CONSECRATION TO THE IMMACULATE HEART OF MARY
"Consecration to the Mother of God," says Pope Pius XII, "is a total gift of self, for the whole of life and for all eternity; and a gift which is not a mere formality or sentimentality, but effectual, comprising the full intensity of the Christian life - Marian life." This consecration, the Pope explained, "tends essentially to union with Jesus, under the guidance of Mary."
By our consecration we promise to become dependent on Mary in all things: to offer all our prayers and oblations to God through Mary, and to seek every gift from God through Mary. And we do this with the greatest confidence. Since she is our mother, she knows our needs better than we; and since she is Queen of Heaven, she has immediate access to the infinite treasury of graces in the Kingdom of her Divine Son.
Mary is not only the Mother of Jesus, Son of the Eternal Father; she is also Mother of all the Father's adopted children. As their Mother, she has been given the role of molding them into the likeness of Jesus.
Every work of grace, every increase of grace, is a work of the Holy Spirit; but as in the Incarnation of the Divine Word God used human instruments, so does He in the sanctification of each individual soul. As He chose Mary as the instrument through whom He would come to us, so He chose Mary as the instrument through whom we should go to Him. And both the mystery of God coming to us through Mary, and our being led to God through Mary, is a work of the Holy Spirit. So when we speak of Mary's unique role in our sanctification, she is but the instrument the Holy Spirit uses in sharing with us the divine life of grace. It is in this sense that Mary fashions us into the likeness of Christ.
However, that this transformation - through Mary's help - be accomplished in a notable degree, there must be an awareness of her role in our sanctification, a confidence in her maternal concern and in her power under God, a surrender of oneself into her hands, and a fervent, frequent and confident seeking of her aid. This usually comes through some form of consecration to the Mother of God.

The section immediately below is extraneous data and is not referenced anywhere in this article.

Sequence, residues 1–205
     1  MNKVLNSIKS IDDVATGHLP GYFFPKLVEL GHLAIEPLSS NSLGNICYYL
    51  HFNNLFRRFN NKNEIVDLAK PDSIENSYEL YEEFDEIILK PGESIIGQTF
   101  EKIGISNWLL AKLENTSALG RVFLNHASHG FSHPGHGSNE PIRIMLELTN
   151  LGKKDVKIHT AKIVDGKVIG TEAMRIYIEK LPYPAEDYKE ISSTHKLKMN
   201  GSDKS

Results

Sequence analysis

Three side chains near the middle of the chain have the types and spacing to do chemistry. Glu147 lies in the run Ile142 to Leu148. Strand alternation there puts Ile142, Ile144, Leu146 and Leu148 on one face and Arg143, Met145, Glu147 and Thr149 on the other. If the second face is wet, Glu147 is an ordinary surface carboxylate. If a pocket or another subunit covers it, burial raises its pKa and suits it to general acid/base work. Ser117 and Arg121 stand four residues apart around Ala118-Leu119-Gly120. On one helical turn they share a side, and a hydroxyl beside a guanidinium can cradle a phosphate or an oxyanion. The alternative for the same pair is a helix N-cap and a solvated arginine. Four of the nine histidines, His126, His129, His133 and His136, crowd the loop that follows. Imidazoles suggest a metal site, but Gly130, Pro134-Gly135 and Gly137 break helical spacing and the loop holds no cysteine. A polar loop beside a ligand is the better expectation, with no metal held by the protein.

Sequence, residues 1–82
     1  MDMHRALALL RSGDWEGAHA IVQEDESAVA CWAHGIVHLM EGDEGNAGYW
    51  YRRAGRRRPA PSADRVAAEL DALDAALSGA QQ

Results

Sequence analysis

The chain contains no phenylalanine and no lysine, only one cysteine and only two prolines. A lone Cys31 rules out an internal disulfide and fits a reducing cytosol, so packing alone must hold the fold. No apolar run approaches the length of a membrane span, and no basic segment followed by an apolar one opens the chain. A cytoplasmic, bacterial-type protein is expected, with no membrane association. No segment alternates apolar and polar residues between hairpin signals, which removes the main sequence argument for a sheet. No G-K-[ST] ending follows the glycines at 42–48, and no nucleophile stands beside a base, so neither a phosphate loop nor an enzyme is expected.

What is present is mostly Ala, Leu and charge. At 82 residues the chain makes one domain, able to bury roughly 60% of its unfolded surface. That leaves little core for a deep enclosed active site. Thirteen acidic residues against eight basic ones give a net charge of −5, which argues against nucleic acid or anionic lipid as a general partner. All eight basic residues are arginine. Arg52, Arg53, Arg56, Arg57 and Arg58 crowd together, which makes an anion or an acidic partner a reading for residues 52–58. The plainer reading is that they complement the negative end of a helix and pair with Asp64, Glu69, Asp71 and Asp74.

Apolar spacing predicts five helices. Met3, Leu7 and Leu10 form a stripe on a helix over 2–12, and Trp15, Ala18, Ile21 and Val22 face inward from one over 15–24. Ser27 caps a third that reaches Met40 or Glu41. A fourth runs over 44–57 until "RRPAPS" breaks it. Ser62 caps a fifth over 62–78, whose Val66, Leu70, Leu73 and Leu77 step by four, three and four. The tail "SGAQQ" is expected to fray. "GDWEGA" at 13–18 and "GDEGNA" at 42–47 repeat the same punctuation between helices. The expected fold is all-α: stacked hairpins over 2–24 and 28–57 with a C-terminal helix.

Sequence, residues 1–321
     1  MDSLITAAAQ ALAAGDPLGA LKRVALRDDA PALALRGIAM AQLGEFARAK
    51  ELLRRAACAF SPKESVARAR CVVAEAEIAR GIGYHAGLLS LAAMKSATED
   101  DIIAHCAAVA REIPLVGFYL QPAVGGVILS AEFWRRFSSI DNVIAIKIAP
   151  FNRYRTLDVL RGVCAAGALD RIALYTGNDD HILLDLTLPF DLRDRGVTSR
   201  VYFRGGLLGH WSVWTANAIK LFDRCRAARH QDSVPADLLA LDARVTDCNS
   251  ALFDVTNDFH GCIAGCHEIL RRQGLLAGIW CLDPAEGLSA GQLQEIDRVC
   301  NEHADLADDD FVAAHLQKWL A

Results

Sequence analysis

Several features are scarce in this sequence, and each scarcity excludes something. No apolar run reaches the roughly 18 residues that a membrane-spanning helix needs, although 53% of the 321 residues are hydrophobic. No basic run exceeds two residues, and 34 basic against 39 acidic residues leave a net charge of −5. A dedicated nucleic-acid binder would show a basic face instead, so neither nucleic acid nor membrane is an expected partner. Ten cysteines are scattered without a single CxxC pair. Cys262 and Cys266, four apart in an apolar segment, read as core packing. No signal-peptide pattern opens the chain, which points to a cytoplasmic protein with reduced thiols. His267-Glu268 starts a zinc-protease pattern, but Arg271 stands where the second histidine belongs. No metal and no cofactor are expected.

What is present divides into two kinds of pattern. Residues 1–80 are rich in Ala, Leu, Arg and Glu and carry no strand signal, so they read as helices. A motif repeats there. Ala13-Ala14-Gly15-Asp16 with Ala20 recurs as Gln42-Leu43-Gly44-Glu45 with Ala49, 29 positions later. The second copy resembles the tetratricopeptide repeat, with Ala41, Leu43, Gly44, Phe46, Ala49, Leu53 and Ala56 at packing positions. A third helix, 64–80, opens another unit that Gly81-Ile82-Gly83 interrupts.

At Fatima Our Lady asked for consecration to her Immaculate Heart, a consecration which, among other things, calls for the devotion of the Five First Saturdays, which includes the Rosary, meditation and Communions of reparation - all done in reparation to her Immaculate Heart. It involves a striving to fulfill her requests for prayer and sacrifices for the conversion of sinners and in reparation for offenses against the Divine Majesty. In a word, it involves a striving to fulfill all that she asked for at Fatima, and trying to bring others to heed her requests.
Living that consecration means becoming an apostle of Mary, striving to imitate her virtues, and to place in her hands the flowers of little sacrifices of reparation for the salvation of souls, so that we might strengthen her hand against the attacks of the Evil One, and hasten the day of the triumph of her Immaculate Heart. To everyone who makes that consecration and sincerely tries to live it, the words of Our Lady to the child Lucia at Fatima would also apply: "I will never leave you; my Immaculate Heart will be your refuge, and the way that will lead you to God."
If consecration to Mary "tends essentially to union with Jesus, under the guidance of Mary," as Pope Pius XII pointed out, we must remember that any gradual transformation into Christ requires a gradual loving acceptance of a greater share in His redeeming Cross.